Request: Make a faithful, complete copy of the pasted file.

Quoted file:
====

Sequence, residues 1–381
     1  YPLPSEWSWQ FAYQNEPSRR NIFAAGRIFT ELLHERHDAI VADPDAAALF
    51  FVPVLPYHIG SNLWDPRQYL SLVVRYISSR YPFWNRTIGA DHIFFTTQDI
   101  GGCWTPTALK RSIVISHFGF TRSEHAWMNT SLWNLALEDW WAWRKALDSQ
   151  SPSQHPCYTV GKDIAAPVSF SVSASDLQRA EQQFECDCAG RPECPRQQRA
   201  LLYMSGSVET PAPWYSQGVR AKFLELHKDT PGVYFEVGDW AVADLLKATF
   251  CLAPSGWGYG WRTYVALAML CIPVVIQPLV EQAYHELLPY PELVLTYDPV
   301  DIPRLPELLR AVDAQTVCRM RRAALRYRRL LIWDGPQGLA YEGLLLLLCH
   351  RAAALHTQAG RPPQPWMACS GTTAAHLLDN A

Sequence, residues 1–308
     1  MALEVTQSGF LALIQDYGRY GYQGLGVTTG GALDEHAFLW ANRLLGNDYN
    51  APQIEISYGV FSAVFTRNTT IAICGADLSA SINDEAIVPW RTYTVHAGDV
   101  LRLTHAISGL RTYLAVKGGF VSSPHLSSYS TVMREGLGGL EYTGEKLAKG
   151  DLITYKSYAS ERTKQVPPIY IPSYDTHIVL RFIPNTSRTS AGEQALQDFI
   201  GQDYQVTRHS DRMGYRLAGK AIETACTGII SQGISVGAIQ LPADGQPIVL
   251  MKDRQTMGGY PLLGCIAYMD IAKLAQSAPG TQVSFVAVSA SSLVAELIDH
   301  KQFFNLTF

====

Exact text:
Sequence, residues 1–381
     1  YPLPSEWSWQ FAYQNEPSRR NIFAAGRIFT ELLHERHDAI VADPDAAALF
    51  FVPVLPYHIG SNLWDPRQYL SLVVRYISSR YPFWNRTIGA DHIFFTTQDI
   101  GGCWTPTALK RSIVISHFGF TRSEHAWMNT SLWNLALEDW WAWRKALDSQ
   151  SPSQHPCYTV GKDIAAPVSF SVSASDLQRA EQQFECDCAG RPECPRQQRA
   201  LLYMSGSVET PAPWYSQGVR AKFLELHKDT PGVYFEVGDW AVADLLKATF
   251  CLAPSGWGYG WRTYVALAML CIPVVIQPLV EQAYHELLPY PELVLTYDPV
   301  DIPRLPELLR AVDAQTVCRM RRAALRYRRL LIWDGPQGLA YEGLLLLLCH
   351  RAAALHTQAG RPPQPWMACS GTTAAHLLDN A

Sequence, residues 1–308
     1  MALEVTQSGF LALIQDYGRY GYQGLGVTTG GALDEHAFLW ANRLLGNDYN
    51  APQIEISYGV FSAVFTRNTT IAICGADLSA SINDEAIVPW RTYTVHAGDV
   101  LRLTHAISGL RTYLAVKGGF VSSPHLSSYS TVMREGLGGL EYTGEKLAKG
   151  DLITYKSYAS ERTKQVPPIY IPSYDTHIVL RFIPNTSRTS AGEQALQDFI
   201  GQDYQVTRHS DRMGYRLAGK AIETACTGII SQGISVGAIQ LPADGQPIVL
   251  MKDRQTMGGY PLLGCIAYMD IAKLAQSAPG TQVSFVAVSA SSLVAELIDH
   301  KQFFNLTF